Raditha Alahakoon explains how tech is transforming professional services

Compiled by Ruwandi Perera

Q: What are the trends in the financial services profession?
A: The chief trend is a shift to remote working and virtual offices. Professional business services have always focussed on relationships and enterprises, and often engage in face-to-face meetings. Remote interaction with clients has been a major shift in this sphere.

Current market conditions have not impacted professional business services uniformly. The entities that provide ongoing core services such as auditing may find their engagements continue albeit in a virtual format. On the other hand, custom project work is more susceptible to deferrals when clients take a hard look at budgets.

Professional services such as auditing, accounting and tax consultancies charge clients on an hourly basis. This billing model doesn’t consider the value generated from each task and clients fail to see the benefits of the overall project.

To address this, entities around the world have begun opting for a value driven revenue model that bills clients based on the benefits they derive during the course of a project.

Digital transformation isn’t new to professional business services due to the rapid automation that we saw in the last decade or so. Due to the pandemic however, the rate at which businesses have adopted technology and embraced automation has increased.

Q: Could you outline the most pressing challenges that the profession is facing today?
A: The new ‘skill economy’ is placing a greater emphasis on workers having more granular credentials that will need regular updating and replacing. Upskilling technical skills to match future challenges and reskilling on an ongoing basis has become mandatory for professionals.

For example, a range of employees from outside the accountancy profession have begun undertaking some aspects of the accounting function such as business intelligence.

In terms of institutions, hiring qualified candidates – and retaining confident, reliable and talented employees – has become a challenge due to prevailing economic conditions. Skill migration is at a peak and this situation may exacerbate due to economic uncertainty.

Remote and hybrid team management are among the critical challenges that the financial services profession has faced over the past two years or so due to COVID-19. Maintaining employee efficiency, productivity and collaboration at the same level could be difficult, without sufficient resources as well as training.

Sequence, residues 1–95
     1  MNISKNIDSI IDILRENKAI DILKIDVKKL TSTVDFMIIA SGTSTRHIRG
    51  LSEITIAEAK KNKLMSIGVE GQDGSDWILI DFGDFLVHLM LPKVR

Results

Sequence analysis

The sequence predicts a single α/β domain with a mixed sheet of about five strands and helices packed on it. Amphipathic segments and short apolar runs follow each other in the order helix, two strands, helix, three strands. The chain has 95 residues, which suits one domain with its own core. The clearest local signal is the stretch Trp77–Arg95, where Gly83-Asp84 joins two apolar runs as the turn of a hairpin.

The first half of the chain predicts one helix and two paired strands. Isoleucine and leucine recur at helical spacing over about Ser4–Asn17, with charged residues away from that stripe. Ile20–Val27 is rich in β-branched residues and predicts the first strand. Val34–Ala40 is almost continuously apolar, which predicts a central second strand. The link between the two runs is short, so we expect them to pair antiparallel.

Q: How are current global events shaping the local landscape regarding financial services?
A: I don’t think that prevailing global events will directly impact the local financial services profession. If ongoing global conflicts affect a business’ clients significantly, they’re likely to tighten their belts on spending.

When developing a growth strategy or even simply one for stabilisation purposes, businesses need to understand the demand outlook of such clients.

Q: In your opinion, what aspects should Sri Lanka prioritise to stabilise the economy in this phase of economic uncertainty?
A: Firstly, we have to restructure Sri Lanka’s foreign debt. The government should then move to fiscal consolidation and develop a credible recovery plan ranging from the short and medium to long terms.

Long-term planning should focus on resolving structural issues that the economy is facing today. In terms of the necessary policy reforms, I don’t think we have many alternatives. Proper implementation of policy initiatives is critical as the ‘too little, too late’ approach will further compromise our chances.

Q: How should organisations leverage digital technology in your profession?
A: Technology is fundamentally transforming how we live and work; and the change of pace is continuously accelerating in response to the pandemic. This is the case for our clients’ businesses as well as ours, across audit, tax, legal and advisory services.

Trends in digital transformation affect how businesses deliver professional services; but beyond that, these shifts can also challenge the notion of ‘expert practitioners.’

Professional services exist because they have built businesses that deploy individuals with specialised skills, expertise and knowledge.

However, technological innovation is changing the need for such individualised specialisation.

Most enterprises have integrated new technologies such as robotic process automation, AI and data analytics into their delivery methodologies. These may even replace various activities currently performed by expert practitioners as such technologies are more efficient in functions such as fraud detection, onboarding, contract and compliance review, and auditing.

Such new technologies reduce costs and enable professionals to spend more time assisting clients with higher margin activities.

Further, as businesses are becoming more automated and fast implementing remote work strategies, there is an increased risk to network and cloud solutions.

Therefore, all our priorities are underpinned by the relentless effort to keep the technology landscape secure along with our own data and that which has been entrusted to us by our clients.

The interviewee is a Partner of KPMG Sri Lanka